Since 2008, REAL Kids Alberta has been collecting data in Grade 5 classrooms across the province. In even-numbered years, we carry out an intensive data collection designed to track provincial trends; in odd-numbered years, we focus on evaluating particular programs aimed at improving the health of students. During our provincial data collection in 2008 and 2010, over 3000 Grade 5 students and over 4000 parents were surveyed in approximately 175 schools. Participation data from 2012 is currently being processed.
What and how do we measure?
- Harvard Food Frequency Questionnaire for Children and Youth (a dietary assessment tool) to assess dietary habits and nutrient intake
- Self-reported information on physical activity, sleep, screen time, recognition of Alberta Health and Wellness programs and other related topics
- Measurement of height and weight to determine overweight and obesity from calculation of Body Mass Index
- Students in some schools wear a digital, time-stamped pedometer for 7 days to measure activity levels
- The parent/guardian(s) of participating students complete a self-administered survey about the home environment.
- The principals of participating schools complete a self-administered survey on school programs and environment.
Consent and confidentiality
Participation in this evaluation is voluntary. All participants must consent to participate by signing a consent form. Students are asked to participate if their parent/guardian has given them written consent to participate. All information collected is anonymous and kept confidential and is not shared with anyone including the child's school personnel. Individual schools are not identified when the findings are produced.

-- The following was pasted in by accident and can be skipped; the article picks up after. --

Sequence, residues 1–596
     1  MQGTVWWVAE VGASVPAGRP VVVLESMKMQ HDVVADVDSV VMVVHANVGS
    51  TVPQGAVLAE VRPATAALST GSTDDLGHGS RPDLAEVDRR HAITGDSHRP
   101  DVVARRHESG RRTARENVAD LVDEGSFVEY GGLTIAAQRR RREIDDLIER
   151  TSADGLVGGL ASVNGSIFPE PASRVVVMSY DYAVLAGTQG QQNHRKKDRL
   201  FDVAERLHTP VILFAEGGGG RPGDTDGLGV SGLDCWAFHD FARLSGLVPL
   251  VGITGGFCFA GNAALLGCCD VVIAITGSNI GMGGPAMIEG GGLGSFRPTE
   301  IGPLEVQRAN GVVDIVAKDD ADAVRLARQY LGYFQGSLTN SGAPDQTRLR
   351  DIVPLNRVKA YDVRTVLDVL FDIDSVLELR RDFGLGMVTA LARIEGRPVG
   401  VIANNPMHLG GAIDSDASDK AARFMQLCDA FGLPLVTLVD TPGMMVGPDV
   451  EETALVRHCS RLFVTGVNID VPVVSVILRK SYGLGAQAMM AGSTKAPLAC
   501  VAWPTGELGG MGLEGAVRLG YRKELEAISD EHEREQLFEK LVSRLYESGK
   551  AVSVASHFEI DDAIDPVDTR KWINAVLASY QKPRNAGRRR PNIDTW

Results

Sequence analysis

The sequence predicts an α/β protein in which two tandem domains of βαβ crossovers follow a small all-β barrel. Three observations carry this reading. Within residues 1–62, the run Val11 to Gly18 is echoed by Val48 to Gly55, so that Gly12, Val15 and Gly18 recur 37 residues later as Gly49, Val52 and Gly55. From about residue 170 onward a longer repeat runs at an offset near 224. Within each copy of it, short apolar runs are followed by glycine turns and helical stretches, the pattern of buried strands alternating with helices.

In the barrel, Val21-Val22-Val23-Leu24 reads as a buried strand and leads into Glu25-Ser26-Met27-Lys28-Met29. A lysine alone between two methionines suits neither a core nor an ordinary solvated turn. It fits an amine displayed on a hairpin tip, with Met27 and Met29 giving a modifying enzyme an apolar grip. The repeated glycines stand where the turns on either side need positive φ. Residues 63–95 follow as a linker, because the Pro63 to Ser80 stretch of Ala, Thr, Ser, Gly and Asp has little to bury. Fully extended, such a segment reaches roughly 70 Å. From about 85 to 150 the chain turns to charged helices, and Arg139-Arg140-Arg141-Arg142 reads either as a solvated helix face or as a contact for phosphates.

Who is involved in the evaluation?
The principal investigator of this evaluation is Dr. Paul Veugelers, Professor, School of Public Health, at the University of Alberta. Dr. Veugelers main areas of research are related to the importance of nutrition, healthy lifestyle, socio-economic factors, intervention programs and policies in relation to overweight and chronic disease prevention. Dr. Veugelers has extensive experience with school based evaluation. His Nova Scotia-based research revealed the success of a comprehensive school health approach in the Annapolis Valley through the “Make the Healthy Choice the Easy Choice” intervention. Students from these schools had substantially healthier diets with more fruits and vegetables and fewer calories from dietary fat and were 59% less likely to be overweight and 72% less likely to be obese.
See the People section for further details.
The findings from this evaluation will provide valuable information to support Alberta Health initiatives for children and youth. For further information please contact Dr Paul Veugelers, the Principal Investigator, or Erin Faught, the Project Coordinator.